Research Article| Volume 58, P82-90, March 2023

Nurses’ knowledge of heart failure assessment and management: A cross-sectional survey

Published:November 23, 2022DOI:


      • Specialist nurses are not only more knowledge but their knowledge levels are less variable compared to those among generalist nurses in caring for patients with heart failure.
      • Specialist nurses may not be sufficiently knowledgeable in daily weight monitoring, comparison of weights, and hypotension.
      • The knowledge levels of specialist nurses were significantly impacted by race and confidence level; in contract, the knowledge levels for generalist nurses were likely to be influenced by race and years of experience in taking care of patients with heart failure.
      • Qualitative themes were demonstrated and addressed critical knowledge barriers to insufficient heart failure knowledge among nurses.



      Nurses’ knowledge of heart failure (HF) is highly variable, ranging from expert to poor, potentially leading to inadequate self-care.


      (1) document the knowledge variation of HF assessment and management among specialist and generalist nurses; (2) determine factors that may be associated with nurses’ knowledge; and (3) describe nurses’ views of knowledge deficits and ways to improve nurses’ knowledge to better meet the needs educational interventions.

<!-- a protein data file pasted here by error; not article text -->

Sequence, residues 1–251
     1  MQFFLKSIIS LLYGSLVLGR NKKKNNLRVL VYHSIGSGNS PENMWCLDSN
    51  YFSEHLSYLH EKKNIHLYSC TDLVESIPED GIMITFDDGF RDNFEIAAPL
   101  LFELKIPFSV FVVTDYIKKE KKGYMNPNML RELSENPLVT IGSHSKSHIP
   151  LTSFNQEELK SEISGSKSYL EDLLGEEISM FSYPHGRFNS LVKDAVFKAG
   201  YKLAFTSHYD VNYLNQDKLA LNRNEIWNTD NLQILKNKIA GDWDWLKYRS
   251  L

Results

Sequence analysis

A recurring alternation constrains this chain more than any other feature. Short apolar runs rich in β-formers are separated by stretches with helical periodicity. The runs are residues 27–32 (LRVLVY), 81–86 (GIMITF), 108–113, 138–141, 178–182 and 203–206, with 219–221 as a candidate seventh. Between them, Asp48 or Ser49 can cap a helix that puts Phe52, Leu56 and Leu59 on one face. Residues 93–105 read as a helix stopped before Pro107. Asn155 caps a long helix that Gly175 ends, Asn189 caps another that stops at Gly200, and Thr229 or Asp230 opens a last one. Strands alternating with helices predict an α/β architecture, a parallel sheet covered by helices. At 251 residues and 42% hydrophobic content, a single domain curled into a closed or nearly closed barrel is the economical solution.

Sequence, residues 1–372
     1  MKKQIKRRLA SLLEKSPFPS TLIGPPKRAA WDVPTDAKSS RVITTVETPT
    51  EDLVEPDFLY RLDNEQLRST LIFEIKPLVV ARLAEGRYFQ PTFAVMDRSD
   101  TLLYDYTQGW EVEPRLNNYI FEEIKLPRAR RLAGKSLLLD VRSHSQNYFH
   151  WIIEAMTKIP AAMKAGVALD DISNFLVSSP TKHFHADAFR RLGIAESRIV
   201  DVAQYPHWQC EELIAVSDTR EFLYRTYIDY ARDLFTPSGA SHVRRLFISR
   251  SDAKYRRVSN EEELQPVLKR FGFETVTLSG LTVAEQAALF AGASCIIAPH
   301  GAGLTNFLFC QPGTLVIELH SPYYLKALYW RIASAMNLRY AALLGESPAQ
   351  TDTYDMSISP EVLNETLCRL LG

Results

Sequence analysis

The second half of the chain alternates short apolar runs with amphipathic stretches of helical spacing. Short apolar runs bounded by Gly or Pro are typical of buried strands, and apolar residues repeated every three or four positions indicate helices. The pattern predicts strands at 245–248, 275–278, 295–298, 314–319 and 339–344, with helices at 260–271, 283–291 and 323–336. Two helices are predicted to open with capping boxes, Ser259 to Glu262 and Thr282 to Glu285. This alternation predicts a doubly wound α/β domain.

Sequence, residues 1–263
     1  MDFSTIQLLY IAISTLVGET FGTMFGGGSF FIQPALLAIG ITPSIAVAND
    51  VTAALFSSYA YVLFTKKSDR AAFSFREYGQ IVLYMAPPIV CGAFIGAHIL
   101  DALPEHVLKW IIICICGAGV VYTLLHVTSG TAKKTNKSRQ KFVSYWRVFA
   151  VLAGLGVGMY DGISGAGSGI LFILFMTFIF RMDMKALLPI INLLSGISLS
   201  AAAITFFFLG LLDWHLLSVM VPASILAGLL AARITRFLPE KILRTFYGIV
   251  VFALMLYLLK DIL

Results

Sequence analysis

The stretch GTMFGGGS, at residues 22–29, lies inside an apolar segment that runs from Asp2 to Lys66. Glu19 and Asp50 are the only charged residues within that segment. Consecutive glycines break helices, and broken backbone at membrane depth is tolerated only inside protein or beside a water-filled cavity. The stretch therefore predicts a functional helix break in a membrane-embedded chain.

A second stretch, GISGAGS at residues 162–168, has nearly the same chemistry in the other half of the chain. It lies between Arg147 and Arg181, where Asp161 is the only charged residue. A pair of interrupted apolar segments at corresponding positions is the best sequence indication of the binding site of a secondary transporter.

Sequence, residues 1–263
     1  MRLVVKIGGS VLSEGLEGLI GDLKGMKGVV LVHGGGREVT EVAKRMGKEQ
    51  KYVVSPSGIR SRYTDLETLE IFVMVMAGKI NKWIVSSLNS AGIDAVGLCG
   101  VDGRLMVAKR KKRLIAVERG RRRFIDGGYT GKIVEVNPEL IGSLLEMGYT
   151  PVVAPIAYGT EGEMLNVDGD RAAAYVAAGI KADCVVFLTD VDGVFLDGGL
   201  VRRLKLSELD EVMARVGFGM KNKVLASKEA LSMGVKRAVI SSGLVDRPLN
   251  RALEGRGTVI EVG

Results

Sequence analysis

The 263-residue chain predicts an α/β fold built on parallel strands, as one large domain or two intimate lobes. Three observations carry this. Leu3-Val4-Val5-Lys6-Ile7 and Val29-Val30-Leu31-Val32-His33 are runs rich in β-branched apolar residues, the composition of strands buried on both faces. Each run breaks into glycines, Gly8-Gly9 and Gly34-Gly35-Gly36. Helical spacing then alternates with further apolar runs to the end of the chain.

Members of the American Association of Heart Failure Nurses and Registered Nurses were invited to participate in a cross-sectional survey. Independent samples t-test, chi-square, and linear regression were used for quantitative analysis. Text analysis was applied to analyze the themes of qualitative comments.


      A total of 918 nurses completed the survey. Specialist nurses had higher scores than generalist nurses with statistically significant F-test for diet, fluid, signs/symptoms, medication, and exercise. Both specialist and generalist nurses were least knowledgeable about dry weight, asymptomatic hypotension, and transient dizziness. Being a specialist nurse was associated with higher level of knowledge scores. Years of experience and race were significant factors associated with knowledge scores in generalist nurses. Confidence level and race were significant predictors for specialist nurses. Three themes emerged regarding the cause of nurses’ insufficient knowledge and several approaches were provided.


      Specialist nurses are not only knowledgeable, but their knowledge levels are less variable compared to generalist nurses. There is a need to identify additional factors that may potentially influence nurses’ knowledge, contributing to the effectiveness of interventions.


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